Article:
Our modern society requires power and the new regulation by grandfathering the existing power plants ensures that we will not be sitting in the dark any time soon. In the U.S. in 2010 over 90% of electrical power was produced by steam turbines powered by coal, oil, gas, and bio fuels. Wind and water may be used to spin the turbines as well. In 2010 Coal produced 45 % of electricity, nuclear power generated 20% of the electricity used, natural gas generated 24% of the electricity used, hydroelectric generated 6%, wind 1% and oil, wood, biomass, geothermal solar and other generated the rest. The Mercury and Air Toxics Standards and the Cross-State Air Pollution Rule will reshape the industry reducing coal fired plants. The new source carbon dioxide rule will ensure that any additional electrical capacity built will not be coal and MATS and CASPR will reduce the existing capacity of coal produced electricity. There will be impacts to the economy and our society to the reduction in demand for coal in the United States, the costs to convert, replace and upgrade power plants, and increasing the demand for natural gas which appears to be at this moment the fuel of choice.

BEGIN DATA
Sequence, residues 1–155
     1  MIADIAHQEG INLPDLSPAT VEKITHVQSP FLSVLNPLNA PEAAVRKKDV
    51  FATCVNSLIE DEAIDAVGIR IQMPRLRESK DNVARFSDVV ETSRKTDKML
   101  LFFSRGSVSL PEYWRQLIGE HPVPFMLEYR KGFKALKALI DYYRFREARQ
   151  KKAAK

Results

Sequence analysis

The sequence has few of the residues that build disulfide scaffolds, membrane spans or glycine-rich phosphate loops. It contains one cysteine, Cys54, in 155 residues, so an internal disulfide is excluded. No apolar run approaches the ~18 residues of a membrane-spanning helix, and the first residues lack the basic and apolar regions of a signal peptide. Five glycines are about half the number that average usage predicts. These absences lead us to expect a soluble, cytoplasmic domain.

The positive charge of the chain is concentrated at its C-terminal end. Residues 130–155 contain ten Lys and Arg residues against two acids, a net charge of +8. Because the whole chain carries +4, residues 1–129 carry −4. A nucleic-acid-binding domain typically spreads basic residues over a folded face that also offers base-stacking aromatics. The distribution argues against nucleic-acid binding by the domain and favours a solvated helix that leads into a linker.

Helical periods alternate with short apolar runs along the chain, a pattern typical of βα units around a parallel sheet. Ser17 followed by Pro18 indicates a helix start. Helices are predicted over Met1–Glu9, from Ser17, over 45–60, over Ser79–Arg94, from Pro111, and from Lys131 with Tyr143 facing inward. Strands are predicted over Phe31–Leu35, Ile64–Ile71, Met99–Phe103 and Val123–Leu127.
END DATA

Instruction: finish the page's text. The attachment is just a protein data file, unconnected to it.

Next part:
In 2010, U.S. coal production was 1,050 million metric tons with 92.5% of the coal used to generate electricity. Without electrical generation there is little demand for coal and coal miners. The EPA’s MATS and CSPAR regulation and the greenhouse gas regulations will reduce and possibly someday eliminate the economic feasibility of coal fired electrical generation plants. However our nation requires power, and the current coal fired power plants will continue to need coal for the short term. The use of coal to generate electrical power has an interesting history. There was a time when petroleum was widely used for electrical generation. In an attempt to regain energy independence after the gas rationing and oil shortages of the 1973 Oil Embargo, the nation turned to its vast coal reserves. Between 1973 and 1976, coal production increased by 14.4%. In 1978, the Power Plant and Industrial Fuel Use Act mandated conversion of most existing oil-burning power plants to coal or natural gas. Thought the act was repealed in 1987, the impact on our nation and its economy extends to today, though the goals and values of our government have changed. Now the EPA is reshaping the future, clearly away from coal though the impacts on our environment and economy intended and any unintended are yet to be seen.